Sin City

Oh my god, this may be the most perfect movie ever made.
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53 Responses:

  1. korgmeister says:

    Stop taunting me, American people on my friends list! =P

  2. wico says:

    And it's not out in Australia until... August 11.

    August! Why in these days of widespread broadband telecommunications does it take so long to fling a bloody movie over a little puddle? Now we have to put up with four whole months of rave reviews, spoilers and furry toothed geeks quoting all the good lines before we even get the chance to sit in a multiplex cinema chock full of teenagers yakking on mobile phones and sticky seats that smell of Coca Cola. And people *wonder* why movie piracy is so widespread...

    Damn you Americans and your smug already-seen-it-ness :P


    I mean I'm glad you liked it :)

    • aml says:

      that might be the worst article i've ever read.

    • weev says:

      Sin City broke the formulaic fucktardation of the monotonous Hollywood shitfestery. This is somehow a bad thing?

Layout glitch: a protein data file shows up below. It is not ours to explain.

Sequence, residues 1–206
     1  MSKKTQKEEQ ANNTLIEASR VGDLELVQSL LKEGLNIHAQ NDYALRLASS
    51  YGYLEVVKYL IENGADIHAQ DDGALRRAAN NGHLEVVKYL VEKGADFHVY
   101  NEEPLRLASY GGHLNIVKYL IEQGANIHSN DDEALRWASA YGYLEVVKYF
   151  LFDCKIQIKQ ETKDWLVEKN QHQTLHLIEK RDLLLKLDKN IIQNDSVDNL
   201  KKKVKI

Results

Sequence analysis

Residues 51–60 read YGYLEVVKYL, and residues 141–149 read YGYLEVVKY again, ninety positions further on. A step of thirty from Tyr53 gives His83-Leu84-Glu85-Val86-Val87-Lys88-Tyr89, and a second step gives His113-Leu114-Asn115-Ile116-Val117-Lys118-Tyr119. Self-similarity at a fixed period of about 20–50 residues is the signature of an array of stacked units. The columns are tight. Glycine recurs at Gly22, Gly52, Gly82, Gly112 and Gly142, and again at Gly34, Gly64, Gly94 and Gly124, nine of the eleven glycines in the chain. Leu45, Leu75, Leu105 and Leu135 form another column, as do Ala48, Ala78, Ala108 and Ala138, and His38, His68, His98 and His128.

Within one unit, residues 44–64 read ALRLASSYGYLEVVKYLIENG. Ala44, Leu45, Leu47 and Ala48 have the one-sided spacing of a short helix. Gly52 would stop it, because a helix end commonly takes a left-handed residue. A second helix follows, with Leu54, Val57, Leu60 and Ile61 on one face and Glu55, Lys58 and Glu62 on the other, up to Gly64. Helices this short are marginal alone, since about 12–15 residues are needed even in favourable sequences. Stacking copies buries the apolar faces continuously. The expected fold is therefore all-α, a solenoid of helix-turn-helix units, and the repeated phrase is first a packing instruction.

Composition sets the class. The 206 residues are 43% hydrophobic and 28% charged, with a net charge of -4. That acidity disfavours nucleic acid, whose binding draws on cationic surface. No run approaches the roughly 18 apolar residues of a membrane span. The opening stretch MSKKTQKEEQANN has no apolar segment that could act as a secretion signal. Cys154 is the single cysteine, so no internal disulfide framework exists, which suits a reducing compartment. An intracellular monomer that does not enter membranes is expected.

• quercus says:

      It's a lousy article (it's USA Today - what else?) but do they like it or dislike it? The issues they raise are quite objective and probably what made jwz like it, as much as some airhead fail to understand it.

      "Lord of the Rings star Elijah Wood plays a silent, Zen-like serial killer named Kevin."
      Although that one is going to be hard to believe (especially in Britain, where the name "Kevin" is itself a joke)

      • irishmc says:

        why is the name 'Kevin' a joke in the UK? forgive my ignorance.

        • quercus says:

          "Kevin" has become comedian's shorthand for ineffectual dweebs - geeks, without the tech. "Kevin Turvey" was an archetypal Angry Young Man, all the funnier because you can't take an aspirational Kenneth Tynan / Che Guevera seriously when they're called "Kevin". "Kevin the Gerbil" was the sidekick of Roland Rat (Brit ethnic muppet). Kevins are always portrayed as sidekicks, even to rats.

          One day fortune will grant me the chance to meet Elijah Wood, with a cold wet haddock in my hand. Then we'll see what's behind that permanently startled expression, like a freshly-buggered hobbit.

          • badc0ffee says:

            Sounds like a perfect name for an emotionally undeveloped serial killer, then.
            (Note that I haven't seen the movie)